December 14, 2007
Miami Herald
Top Critic

Apart from John Turturro in a cameo, all the characters are monsters and/or basket cases.

Full Review… | December 14, 2007
Chicago Reader
Top Critic

There isn't a pleasant, wholly likable character in the cast. But you can't avert your eyes from it.

Full Review… | December 13, 2007
Orlando Sentinel
Top Critic

Writer-director Noah Baumbach solidifies his standing as the modern bard of American dysfunctional families with Margot at the Wedding, but at the same time he's recycling material he's already covered, and covered more exquisitely.

Full Review… | December 7, 2007
Detroit News
Top Critic

There's no question Baumbach has a way with words and actors (Kidman, Leigh and Jack Black are terrific).

Full Review… | November 24, 2007
Toronto Star
Top Critic

As in the minutely observed anatomy of a divorce in The Squid and the Whale, the pleasures and pains of Margot reside in the smallness of scope and queasy focus on delicate family matters.

Full Review… | September 30, 2014
Stop Smiling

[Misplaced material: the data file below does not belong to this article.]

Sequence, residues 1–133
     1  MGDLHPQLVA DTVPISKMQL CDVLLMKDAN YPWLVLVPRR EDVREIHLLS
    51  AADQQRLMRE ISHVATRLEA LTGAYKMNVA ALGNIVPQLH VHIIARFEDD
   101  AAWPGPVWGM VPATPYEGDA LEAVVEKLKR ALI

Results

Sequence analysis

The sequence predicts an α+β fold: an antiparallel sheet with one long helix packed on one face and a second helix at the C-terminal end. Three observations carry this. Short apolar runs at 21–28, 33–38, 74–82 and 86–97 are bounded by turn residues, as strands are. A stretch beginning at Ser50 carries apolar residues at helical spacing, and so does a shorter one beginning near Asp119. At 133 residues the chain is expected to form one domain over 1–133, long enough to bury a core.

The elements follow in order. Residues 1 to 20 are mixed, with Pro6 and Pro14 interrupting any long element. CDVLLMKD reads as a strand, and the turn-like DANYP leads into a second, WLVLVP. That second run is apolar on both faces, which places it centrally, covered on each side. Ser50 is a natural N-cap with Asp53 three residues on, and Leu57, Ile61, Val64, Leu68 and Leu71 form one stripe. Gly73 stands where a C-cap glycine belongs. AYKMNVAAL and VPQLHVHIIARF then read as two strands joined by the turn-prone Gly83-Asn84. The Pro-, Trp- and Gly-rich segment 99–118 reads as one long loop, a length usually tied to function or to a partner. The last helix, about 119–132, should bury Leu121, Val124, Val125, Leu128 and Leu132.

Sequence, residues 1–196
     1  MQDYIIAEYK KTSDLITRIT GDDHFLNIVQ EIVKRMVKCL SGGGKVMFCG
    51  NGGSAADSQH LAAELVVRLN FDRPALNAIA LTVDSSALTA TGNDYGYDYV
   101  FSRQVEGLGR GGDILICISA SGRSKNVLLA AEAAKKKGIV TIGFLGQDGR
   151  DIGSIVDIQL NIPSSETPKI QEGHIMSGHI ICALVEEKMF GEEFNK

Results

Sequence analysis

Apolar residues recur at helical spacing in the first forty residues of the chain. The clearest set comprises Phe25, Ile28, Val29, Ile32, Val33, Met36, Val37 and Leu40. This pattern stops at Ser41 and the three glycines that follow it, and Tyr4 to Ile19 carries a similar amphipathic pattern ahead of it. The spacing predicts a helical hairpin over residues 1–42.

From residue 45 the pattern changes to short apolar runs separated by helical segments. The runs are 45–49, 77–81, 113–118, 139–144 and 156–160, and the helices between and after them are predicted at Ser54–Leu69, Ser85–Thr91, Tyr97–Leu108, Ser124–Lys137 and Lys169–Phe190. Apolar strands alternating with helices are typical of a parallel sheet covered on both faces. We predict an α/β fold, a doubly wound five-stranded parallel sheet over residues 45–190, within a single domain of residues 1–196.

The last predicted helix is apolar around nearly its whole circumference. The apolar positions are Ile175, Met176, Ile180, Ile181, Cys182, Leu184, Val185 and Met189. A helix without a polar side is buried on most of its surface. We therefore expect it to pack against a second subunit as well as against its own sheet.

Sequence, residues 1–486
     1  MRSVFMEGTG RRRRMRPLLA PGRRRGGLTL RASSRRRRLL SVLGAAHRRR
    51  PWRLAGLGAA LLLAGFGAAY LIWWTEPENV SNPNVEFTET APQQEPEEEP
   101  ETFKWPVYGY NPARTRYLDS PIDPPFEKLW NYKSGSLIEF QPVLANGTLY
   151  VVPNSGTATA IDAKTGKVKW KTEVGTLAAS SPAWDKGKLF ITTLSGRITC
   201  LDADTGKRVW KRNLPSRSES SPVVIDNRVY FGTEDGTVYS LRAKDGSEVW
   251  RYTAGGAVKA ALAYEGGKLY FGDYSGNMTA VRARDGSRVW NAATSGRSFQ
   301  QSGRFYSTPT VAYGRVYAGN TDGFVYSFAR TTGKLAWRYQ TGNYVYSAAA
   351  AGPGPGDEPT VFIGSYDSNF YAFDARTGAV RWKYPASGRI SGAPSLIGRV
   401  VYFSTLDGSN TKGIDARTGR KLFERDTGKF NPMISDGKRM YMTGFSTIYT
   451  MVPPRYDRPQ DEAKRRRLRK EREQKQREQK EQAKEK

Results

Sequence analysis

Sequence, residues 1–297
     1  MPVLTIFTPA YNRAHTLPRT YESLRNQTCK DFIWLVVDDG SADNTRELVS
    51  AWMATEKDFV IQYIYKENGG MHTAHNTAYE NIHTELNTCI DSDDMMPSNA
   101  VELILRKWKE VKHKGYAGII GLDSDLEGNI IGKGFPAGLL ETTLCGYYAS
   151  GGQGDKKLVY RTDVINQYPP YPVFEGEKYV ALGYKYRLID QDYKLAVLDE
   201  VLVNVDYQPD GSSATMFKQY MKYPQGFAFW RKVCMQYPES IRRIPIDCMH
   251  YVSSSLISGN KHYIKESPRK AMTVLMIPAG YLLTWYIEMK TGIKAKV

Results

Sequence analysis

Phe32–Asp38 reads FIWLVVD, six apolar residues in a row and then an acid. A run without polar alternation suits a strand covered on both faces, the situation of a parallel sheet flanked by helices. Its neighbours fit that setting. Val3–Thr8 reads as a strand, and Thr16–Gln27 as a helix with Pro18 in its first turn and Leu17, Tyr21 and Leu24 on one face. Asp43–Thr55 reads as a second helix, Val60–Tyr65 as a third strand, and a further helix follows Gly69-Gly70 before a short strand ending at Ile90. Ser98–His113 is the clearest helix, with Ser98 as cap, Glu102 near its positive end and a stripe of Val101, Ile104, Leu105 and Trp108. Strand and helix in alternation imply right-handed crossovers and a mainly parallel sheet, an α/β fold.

Who the hell names their son Claude? Do they want him to get beat up every day of his life?

Full Review… | April 28, 2011
East Bay Express

The results aren't bruising, just numbing

Full Review… | August 27, 2009

Noah Baumbach’s entry into the dysfunctional-family sweepstakes is a successfully depressing affair that has some genuine laughs to maintain interest while the fake relationships that dominate every scene leave the viewer as estranged as the char

Full Review… | July 23, 2009

The raw, real centerpiece is the relationship between Kidman and Leigh, whose performances drive the film.

Full Review… | December 27, 2008

No one does bad parent movies better than Noah Baumbach.

Full Review… | September 8, 2008